To enrich uranium is an enormous, complex process that requires scientists and
vast physical plants. But once you have it, making a nuclear weapon requires
only two or three good physics graduate students. And there is an enormous
amount of fissile material floating around the world. In 1993, some officials
from the U.S. Energy Department, along with some Russian colleagues, went to a
Soviet-era scientific facility outside Moscow and used bolt cutters to snip off
the padlock the sum of all the security at this place. Inside, they found
enough highly enriched uranium for 20 nuclear weapons. In 2002, enough fissile
material for three weapons was recovered in a laboratory in a Belgrade suburb.
And so it goes. The Soviet Union, in its short and deplorable life, deployed
about 22,000 nuclear weapons. Who believes they have all been accounted for? The
moral of this story is: you cannot fight terrorism at the ports of Long Beach or
Newark. You have to go get it. You have to disrupt terrorism at its sources.
This is a gray area. It's a shadow war. But it is not a war that we have any
choice but to fight.
This leads us directly to the doctrine of preemption, with which there are
several problems. First, we do not yet have as it has been made painfully
clear the intelligence capacity that a doctrine of preemption really requires.
The second problem with preemption is encapsulated in Colin Powell's famous
"Pottery Barn principle," which Mr. Powell explained to the President before the
second war with Iraq began: If you break it, you own it. Iraq is broken; we own
it for the moment. And we are therefore engaged in nation building.
This is particularly a problem for conservatives, who understand that societies
and nations are complex, organic things not put together and taken apart like
Tinker Toys. The phrase "nation building" sounds to many conservatives much the
way the phrase "orchid building" would sound. An orchid is a complex, wonderful,
beautiful, natural thing, but it is not something that can be built.
Conservatives know it took thirty years in this country to rebuild the south
Bronx. And now we have taken on a nation to build.
There are those who say that neoconservatives and most of my friends are
neoconservatives, although I am not quite have exported the impulse for social
engineering that conservatives have so rightly criticized over the years at
home. There is, of course, an element in this critique of President Bush's
policies that echoes in part the contemporary liberal version of isolationism.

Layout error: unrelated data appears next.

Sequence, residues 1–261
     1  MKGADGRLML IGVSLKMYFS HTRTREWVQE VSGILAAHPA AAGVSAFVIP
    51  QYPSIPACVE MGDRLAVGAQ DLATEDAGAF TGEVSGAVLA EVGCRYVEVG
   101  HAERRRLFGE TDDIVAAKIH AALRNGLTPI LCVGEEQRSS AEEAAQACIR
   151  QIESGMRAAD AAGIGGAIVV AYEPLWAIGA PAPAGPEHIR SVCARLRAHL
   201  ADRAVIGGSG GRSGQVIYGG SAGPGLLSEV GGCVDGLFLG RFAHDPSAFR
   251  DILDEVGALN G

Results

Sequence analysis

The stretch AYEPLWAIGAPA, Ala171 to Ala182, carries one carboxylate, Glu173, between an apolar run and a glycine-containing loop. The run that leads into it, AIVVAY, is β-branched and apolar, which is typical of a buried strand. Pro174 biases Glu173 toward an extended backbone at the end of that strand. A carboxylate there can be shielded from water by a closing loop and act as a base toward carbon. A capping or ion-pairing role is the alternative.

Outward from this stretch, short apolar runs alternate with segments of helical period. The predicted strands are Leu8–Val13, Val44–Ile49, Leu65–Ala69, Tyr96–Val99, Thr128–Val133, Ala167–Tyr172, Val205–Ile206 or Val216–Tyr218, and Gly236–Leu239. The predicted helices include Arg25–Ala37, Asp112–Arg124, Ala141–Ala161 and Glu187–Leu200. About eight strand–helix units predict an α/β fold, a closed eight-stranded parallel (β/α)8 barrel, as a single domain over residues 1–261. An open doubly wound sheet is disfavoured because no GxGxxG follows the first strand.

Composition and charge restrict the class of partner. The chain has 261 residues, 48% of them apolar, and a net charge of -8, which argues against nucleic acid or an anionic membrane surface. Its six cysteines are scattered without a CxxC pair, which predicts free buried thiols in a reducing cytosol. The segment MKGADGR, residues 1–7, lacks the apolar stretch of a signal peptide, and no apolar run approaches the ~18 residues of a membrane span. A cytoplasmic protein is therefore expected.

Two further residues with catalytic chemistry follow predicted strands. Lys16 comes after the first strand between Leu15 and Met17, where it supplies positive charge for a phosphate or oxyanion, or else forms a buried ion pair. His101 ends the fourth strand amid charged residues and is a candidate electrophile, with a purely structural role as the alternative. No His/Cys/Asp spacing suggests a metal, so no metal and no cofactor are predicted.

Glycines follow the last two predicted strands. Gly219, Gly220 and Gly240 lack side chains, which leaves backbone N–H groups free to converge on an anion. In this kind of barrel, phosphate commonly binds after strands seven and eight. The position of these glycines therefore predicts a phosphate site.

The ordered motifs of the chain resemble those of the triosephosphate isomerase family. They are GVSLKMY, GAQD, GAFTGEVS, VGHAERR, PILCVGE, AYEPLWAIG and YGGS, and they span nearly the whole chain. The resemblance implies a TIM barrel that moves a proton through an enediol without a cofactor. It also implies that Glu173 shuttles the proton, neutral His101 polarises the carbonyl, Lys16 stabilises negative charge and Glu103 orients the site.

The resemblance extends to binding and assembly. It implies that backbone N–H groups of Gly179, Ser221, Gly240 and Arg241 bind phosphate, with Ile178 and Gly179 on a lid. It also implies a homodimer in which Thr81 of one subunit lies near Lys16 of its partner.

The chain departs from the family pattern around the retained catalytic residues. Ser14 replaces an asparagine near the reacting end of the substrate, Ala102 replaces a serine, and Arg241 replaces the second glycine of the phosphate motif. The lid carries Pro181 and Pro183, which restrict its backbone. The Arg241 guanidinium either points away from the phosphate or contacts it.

The old isolationism of the 1920s and 1930s was a conservative isolationism, and
it held that America should not go abroad into the world because America is too
good for the world. The contemporary liberal brand of isolationism the Michael
Moore view of the world is that America should not be deeply involved in the
world because the world is too good for America. This is not a serious argument,
even though seriously held.
better. They know there was a long, 572-year uphill march from Runnymede
to the Philadelphia Convention of 1787. Even more sobering, our
Constitutional Convention was followed in less than 75 years by the
bloodiest Civil War the world had ever seen, to settle some leftover
constitutional questions. We know from our history how difficult regime
The serious argument over nation building is an argument conducted between
conservatives of good will with one another. On the one hand, we have a school
broadly called the realist school, and on the other hand, there is a school
associated with Woodrow Wilson and his crusading zeal for the export of
democracy. President Bush and British Prime Minister Tony Blair, two intelligent
and very good men, have in them a large share of Wilson's crusading messianic
spirit, a spirit that is quite natural to America. Once you enunciate a country
founded on principles that have universality written in them, as our Declaration
of Independence does i.e., "all men are created equal . . . endowed by their
Creator with certain unalienable rights" a kind of universal eligibility for
these rights is postulated. What the realists remind us is that over time, it is
the details that matter.
President Bush has said, in a phrase he got from Ronald Reagan, that it is
cultural condescension to say that some people are not ready for democracy. Tony
Blair, in July 2003, after the fall of Baghdad, came before a joint session of
Congress and gave a wonderful, generous, good ally speech, in which he said that
it is a "myth" that our values are simply "Western values," or simply a product
of our culture. Our principles, he said, are "universal," embraced by all
"ordinary people." The problem is that this belief that every person is at
heart a Jeffersonian Democrat, that all the masses of the world are ready for
democracy might lead you not to plan very carefully for post-war nation
building. If this is true, then nation building should be a snap, because
everyone is ready for democracy.
Realists know better. They know there was a long, 572-year uphill march from